|Latin: unus = one; ramo = branch
UNIRAMIA CHARACTERISTICS AND FAST FACTS
|Body shape varied from spherical to long and thin|
|Body divided into regions; either head and trunk, or head, thorax and abdomen|
|One pair of antennae and mandibles, and one or two pairs of maxillae|
|Mouth, straight gut and anus|
|Branched tracheal tubes with one pair of spiracles on each segment|
|Sexes separate with internal fertilisation|
|Mainly terrestrial, but some freshwater, and a very few marine species|
|Exoskeleton of chitin|
The Uniramians are thought to have evolved on land, after the Silurian, where they became the dominant invertebrates. About one million species have been described so far; this is thought to be only a small fraction of the actual number of living species. The Phylum is divided into two subphyla the insects and everything else - centipedes, millipedes, symphyla (below) and pauropodia (below).
During the Carboniferous many of the insects and related arthropods reached a huge size. There were dragonflies as big as seagulls are today, and 225 million years ago some millipedes were 2.5 metres long and had a diameter of a few centimetres. There are actual fossilized animals and also evidence in fossilized footprints. It may be that this was a time when there were high oxygen levels in the air. This would have allowed the animals to grow bigger while still enabling them to breathe through spiracles (the paired openings down the abdomen and thorax through which they breathe). The oxygen production may have been higher because of the greatly increased photosynthesis by the high and rapid expansion of plants which could have temporarily outstripped the capacity for oxidation from the air. It is these plants we now mine as coal. High oxygen content would have increased the number of forest fires which would have left behind easily fossilized, partly-burned trees.
click here for SUBPHYLUM HEXAPODA, insects
This Subphylum contains four classes, Chilopoda (centipedes), Symphyla, Diplopoda (millipedes) and Pauropoda. All follow the body plan of head with a single pair of antennae, mandibles and 1 or 2 pairs of maxillae and trunk with more than 4 similar leg-bearing segments.
Symphyla are small, from 2 mm - 10 mm. They are usually white and have no eyes. They resemble centipedes, and there are around 160 species world wide. They are found in moist habitats such as leaf mould. Most can run fast. They feed on vegetation.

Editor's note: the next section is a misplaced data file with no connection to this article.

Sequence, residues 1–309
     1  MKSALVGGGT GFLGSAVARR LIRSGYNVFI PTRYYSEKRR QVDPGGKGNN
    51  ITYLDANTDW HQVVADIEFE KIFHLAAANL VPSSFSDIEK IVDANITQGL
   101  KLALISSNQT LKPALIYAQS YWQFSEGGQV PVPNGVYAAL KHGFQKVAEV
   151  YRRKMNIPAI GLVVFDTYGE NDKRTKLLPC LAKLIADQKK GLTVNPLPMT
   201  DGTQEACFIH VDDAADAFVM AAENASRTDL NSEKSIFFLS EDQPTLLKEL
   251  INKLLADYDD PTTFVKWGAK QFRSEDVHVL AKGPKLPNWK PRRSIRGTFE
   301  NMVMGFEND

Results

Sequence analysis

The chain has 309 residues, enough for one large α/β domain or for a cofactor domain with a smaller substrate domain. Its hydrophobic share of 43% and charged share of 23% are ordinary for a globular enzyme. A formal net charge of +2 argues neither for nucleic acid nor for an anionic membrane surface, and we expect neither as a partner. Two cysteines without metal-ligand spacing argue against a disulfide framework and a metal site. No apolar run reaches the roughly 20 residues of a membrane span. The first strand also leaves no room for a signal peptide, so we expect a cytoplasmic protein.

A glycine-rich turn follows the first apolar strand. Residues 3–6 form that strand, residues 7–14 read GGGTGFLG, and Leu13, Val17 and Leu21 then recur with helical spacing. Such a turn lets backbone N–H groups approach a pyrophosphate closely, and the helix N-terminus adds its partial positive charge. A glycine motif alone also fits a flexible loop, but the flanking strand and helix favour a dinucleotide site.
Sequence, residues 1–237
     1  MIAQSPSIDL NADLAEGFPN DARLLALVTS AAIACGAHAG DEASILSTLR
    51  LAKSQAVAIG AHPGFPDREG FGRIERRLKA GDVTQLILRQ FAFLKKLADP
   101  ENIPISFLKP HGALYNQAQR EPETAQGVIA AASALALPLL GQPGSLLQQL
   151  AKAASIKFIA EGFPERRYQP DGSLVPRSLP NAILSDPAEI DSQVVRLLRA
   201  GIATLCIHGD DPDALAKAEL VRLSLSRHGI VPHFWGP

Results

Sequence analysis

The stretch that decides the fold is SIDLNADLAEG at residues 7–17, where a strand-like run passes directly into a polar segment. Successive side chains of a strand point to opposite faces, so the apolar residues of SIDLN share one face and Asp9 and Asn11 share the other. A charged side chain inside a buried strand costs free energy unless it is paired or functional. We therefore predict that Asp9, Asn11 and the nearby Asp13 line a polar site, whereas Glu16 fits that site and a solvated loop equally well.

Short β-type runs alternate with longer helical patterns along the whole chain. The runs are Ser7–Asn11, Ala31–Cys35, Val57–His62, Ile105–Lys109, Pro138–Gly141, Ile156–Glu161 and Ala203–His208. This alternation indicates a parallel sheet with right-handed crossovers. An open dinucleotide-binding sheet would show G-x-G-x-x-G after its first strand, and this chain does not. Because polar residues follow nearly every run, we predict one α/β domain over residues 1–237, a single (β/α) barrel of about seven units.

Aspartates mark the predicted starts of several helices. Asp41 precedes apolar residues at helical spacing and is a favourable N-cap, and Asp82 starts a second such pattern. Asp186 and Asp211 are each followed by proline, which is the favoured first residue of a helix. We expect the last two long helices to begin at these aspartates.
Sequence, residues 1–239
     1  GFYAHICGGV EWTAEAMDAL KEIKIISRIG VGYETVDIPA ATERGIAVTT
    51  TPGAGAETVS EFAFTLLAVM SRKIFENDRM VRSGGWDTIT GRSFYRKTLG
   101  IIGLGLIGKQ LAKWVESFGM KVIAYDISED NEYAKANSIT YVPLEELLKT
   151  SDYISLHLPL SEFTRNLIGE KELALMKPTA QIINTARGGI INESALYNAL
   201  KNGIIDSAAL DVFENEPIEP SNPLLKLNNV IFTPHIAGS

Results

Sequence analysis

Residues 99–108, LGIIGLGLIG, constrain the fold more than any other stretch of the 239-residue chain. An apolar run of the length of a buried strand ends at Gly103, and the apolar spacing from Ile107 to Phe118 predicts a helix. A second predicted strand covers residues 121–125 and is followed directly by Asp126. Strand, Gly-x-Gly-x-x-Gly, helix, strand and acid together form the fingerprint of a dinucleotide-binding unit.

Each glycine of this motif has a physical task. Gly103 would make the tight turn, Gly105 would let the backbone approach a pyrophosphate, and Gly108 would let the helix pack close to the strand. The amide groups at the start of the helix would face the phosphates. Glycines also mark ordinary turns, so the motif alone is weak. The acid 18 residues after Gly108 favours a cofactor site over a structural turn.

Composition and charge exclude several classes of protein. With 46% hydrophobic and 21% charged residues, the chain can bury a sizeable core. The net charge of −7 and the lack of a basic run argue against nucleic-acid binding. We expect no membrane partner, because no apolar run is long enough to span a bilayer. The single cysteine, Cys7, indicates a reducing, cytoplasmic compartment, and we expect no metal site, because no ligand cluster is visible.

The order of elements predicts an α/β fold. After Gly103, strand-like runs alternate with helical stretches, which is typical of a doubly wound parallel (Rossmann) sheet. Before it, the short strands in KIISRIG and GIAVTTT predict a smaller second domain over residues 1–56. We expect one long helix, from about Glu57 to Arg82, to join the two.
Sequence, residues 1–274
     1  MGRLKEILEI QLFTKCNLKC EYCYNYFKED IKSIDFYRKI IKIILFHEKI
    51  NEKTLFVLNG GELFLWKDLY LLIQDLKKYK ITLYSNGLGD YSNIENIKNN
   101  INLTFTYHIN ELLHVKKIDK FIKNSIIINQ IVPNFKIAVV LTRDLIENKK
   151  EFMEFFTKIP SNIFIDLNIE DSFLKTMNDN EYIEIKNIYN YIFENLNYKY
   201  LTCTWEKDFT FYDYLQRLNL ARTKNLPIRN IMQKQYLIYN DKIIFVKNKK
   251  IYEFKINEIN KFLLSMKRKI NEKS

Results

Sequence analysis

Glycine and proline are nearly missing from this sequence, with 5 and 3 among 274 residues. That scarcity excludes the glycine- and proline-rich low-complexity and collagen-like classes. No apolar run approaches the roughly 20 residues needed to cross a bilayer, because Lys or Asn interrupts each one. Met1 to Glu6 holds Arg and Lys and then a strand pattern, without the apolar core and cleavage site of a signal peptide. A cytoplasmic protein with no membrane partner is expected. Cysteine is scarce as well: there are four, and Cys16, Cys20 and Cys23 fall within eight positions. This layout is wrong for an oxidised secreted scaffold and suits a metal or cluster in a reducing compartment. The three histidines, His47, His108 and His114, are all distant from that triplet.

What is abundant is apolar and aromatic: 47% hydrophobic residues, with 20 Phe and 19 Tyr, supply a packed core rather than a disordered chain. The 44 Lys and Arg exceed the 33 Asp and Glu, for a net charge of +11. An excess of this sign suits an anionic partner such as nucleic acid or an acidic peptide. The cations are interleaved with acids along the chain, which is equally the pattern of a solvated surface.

Scutigerella immaculata (above) can be a pest in greenhouses, as it feeds on soft plant material such as roots. It is from 2.5 - 8 mm long, pale coloured, and with 12 pairs of legs - one pair per segment. It can be found under stones, in tree stumps, dead wood, leaf litter, and soil as far as 2 m deep, and can live for as long as 4 years.
The male deposits his spermatophore at the end of a stalk. When the female finds it she eats it, but she does not swallow the sperm. She stores it in special pouches in her mouth. When she is ready to lay an egg she removes it as it emerges using her mouth, and attaches it to the soil or leaf mould. In doing this each egg gets smeared with sperm. There are usually around 35 eggs and they are attached to the leaf mould, moss or lichen. Parthenogenesis is also common. Once the female has laid her eggs they hatch in 1 or 2 weeks. The young have only 6 pairs of legs. They will gain an additional pair with each moult. The number increases with each moult. They moult even in adulthood.
All in this class are less than 2 mm long, and have soft bodies with 9 - 11 segments. There are around 500 species world wide. They have branched antennae (see below) and no eyes. Usually they have nine pairs of legs, however on hatching from the egg the young have only 6 pairs of legs. It is believed that they are related to the millipedes, but more primitive. They inhabit moist environments such as leaf litter, under bark and in decaying vegetation and debris. They are usually a pale, whitish colour.
Below is Euypauropus sp. it is a browser on minute pieces of plant debris where it moves around in a clumsy and slow manner.
Below is Pauropus silvaticus.